My son, who I commute to and from work with, had an appointment after work on Monday he forgot about, so we had to detour from the plan of getting home in plenty of time to help prepare the meal to getting home with not a lot of time to spare.

Fortunately, my other son has the week off and had spent most of the day with my wife helping her out, so when I got home, everything was under control. All I had to do was cook the chicken and pick up my daughter from work. The only hiccup I introduced was I had taken a copy of the Haggadah to work to go over it one more time before the Seder. When I showed up with it at home that evening, the missus got that “Ah ha! That’s where the other one went” look on her face, but after that, all was well.

By 7:20 that night, everything was in order. Tons and tons of food had been prepared. The formal dining room table was set. Everyone was present. We were ready.

My four-year old grandson was very patient with us. I was wondering how he’d tolerate sitting at the table for long periods of time while we were reciting from the Haggadah. Fortunately, long road trips in the van have helped him to know when and how to sit still.

And he likes matzah.

We praise You, God, Sovereign of Existence! You have called us for service from among the peoples, and have hallowed our lives with commandments. In love You have given us [Sabbaths for rest,] festivals for rejoicing, seasons for celebration,, this Festival of Matzot, the time of our freedom, a commemoration of the Exodus from Egypt. Praised are You, Lord our God, Who have us this joyful heritage and Who sanctifies [the Sabbath,] Israel, and the festivals.

-from the Haggadah

“You have called us for service from among the peoples…hallowed our lives with commandments…You have given us…the time of our freedom…Who gave us this joyful heritage and Who sanctifies [the Sabbath,] Israel…”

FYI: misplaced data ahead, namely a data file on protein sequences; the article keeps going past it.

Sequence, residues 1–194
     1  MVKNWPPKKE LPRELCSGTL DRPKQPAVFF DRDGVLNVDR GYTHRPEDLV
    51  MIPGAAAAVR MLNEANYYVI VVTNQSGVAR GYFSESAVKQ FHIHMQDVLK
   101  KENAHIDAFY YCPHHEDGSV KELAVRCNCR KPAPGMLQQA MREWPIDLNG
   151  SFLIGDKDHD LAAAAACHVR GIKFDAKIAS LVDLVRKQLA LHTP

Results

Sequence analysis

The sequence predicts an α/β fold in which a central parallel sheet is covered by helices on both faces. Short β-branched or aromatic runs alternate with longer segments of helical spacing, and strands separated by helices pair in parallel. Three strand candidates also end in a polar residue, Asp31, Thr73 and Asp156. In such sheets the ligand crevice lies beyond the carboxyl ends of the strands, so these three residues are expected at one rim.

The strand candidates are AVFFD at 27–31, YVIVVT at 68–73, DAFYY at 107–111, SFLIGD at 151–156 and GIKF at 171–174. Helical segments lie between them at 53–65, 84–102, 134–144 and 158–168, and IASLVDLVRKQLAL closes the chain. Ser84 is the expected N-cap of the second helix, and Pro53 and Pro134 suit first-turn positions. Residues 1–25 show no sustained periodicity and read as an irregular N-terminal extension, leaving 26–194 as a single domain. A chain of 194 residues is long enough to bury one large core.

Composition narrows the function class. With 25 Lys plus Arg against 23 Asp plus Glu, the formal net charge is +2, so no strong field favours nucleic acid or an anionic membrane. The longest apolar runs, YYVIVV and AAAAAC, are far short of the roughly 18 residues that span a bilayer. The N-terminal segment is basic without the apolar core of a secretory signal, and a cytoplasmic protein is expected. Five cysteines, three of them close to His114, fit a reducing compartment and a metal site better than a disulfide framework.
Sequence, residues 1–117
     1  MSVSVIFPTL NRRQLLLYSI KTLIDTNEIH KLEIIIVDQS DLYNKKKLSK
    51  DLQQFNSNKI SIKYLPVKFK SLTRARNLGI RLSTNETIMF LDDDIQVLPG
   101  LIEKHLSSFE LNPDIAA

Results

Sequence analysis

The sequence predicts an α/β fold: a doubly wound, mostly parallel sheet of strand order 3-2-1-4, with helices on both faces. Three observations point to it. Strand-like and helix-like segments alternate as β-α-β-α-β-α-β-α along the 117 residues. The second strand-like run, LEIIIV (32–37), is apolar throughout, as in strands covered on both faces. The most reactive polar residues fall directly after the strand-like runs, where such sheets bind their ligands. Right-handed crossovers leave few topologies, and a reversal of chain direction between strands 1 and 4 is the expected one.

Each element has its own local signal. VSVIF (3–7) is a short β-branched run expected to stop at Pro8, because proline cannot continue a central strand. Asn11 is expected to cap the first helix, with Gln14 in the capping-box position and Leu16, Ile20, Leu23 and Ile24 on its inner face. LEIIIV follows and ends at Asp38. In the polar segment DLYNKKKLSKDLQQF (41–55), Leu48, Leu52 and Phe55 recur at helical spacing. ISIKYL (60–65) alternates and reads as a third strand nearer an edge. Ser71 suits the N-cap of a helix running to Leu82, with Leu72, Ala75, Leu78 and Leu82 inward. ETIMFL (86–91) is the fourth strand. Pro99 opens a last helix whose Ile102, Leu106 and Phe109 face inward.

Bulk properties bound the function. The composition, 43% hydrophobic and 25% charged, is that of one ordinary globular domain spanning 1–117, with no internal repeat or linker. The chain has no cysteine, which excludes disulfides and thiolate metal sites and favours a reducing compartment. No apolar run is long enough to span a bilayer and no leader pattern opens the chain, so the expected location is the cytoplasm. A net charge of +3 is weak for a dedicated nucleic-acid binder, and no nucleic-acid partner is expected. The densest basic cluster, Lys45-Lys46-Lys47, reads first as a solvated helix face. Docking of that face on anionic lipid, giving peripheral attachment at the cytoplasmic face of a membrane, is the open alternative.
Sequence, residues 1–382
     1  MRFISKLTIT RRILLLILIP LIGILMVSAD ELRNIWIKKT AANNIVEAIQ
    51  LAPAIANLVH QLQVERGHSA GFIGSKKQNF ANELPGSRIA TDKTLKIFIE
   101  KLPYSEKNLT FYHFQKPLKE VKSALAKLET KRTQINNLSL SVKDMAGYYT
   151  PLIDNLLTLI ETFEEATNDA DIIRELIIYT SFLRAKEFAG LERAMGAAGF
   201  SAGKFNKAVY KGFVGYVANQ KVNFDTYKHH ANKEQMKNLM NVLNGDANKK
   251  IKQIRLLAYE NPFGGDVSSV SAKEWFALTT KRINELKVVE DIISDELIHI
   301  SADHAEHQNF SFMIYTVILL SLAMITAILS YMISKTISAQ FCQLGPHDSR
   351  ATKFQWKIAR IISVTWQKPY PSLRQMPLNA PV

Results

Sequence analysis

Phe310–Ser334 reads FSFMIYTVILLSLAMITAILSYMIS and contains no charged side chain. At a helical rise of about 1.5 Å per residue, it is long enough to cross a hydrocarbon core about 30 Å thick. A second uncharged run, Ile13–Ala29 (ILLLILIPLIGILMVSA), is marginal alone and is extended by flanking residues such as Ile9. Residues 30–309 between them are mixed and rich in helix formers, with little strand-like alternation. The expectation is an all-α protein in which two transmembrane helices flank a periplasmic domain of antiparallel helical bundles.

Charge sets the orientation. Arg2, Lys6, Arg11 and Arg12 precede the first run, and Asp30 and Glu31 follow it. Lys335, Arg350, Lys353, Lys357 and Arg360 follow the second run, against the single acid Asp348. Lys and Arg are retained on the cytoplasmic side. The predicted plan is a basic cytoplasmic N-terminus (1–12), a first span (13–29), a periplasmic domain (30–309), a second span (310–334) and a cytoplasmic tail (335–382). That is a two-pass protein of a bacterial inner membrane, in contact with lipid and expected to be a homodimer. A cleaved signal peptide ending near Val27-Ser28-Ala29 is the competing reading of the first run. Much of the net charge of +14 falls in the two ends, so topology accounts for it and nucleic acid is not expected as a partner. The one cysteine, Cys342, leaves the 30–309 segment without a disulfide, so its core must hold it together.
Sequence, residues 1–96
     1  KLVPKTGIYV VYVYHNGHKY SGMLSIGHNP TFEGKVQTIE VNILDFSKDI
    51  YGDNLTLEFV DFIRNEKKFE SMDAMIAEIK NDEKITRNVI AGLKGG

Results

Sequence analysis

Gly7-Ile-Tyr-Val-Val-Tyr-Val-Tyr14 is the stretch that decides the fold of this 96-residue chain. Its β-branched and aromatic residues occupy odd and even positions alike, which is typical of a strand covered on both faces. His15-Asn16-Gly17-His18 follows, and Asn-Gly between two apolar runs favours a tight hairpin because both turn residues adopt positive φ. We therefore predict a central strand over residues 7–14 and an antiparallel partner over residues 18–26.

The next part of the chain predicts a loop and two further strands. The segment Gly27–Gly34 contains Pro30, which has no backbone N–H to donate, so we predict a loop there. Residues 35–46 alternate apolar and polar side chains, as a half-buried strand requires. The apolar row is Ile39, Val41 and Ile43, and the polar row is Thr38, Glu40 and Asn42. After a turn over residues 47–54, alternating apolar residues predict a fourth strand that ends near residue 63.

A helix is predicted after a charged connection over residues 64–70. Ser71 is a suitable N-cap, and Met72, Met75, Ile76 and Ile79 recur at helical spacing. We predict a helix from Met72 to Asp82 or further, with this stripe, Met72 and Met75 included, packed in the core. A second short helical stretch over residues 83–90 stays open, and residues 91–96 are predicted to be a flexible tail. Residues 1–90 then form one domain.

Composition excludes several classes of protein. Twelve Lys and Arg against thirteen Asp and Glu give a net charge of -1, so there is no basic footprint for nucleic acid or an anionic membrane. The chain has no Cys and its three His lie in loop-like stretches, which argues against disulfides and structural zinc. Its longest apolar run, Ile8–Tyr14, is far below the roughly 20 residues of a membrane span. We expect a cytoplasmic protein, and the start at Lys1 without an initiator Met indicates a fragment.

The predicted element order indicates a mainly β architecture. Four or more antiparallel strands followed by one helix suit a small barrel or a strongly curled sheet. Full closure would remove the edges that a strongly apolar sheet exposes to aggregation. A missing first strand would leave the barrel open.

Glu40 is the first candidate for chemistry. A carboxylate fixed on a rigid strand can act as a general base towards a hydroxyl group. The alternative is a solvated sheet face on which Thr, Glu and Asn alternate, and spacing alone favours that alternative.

Remember, the family Goy is the leader of the Seder in my home and I’m the one reading all of this. I couldn’t figure out any way to read from the Haggadah and not imply that somehow I thought all this applied to me and that I was claiming to be Israel (though I’ve been acquainted with just a few Christians who call themselves “Israelites” and claim pretty much everything that’s Jewish without so much as a by your leave).

But it was more my issue than anyone else’s. I don’t think my wife or children expected me to change the text just to accommodate my “Gentile-ness.” It was really the only thing left that was bugging me about our intermarried Seder.

I decided to let it slide.

(I should say that I was feeling kind of guilty in blogging and even visiting the Internet on Tuesday morning, but I saw a significant number of Jewish believers already posting blogs and comments on Facebook, so apparently, I’m not a horrible person…in their eyes at least…for doing what I’m doing now…I guess it’s up to God to decide how He wants to respond to our online “work.”)

Then I read the quote in the Haggadah from Psalm 118 that is echoed in Matthew 21, Ephesians 2:20, and 1 Peter 2:7. I know the Haggadah wasn’t referencing any of the New Testament quotes, but remember, I said that I intended to allow the Seder to have a double meaning for me, not just addressing the traditional Passover for the Israelites, but the Messianic application as well: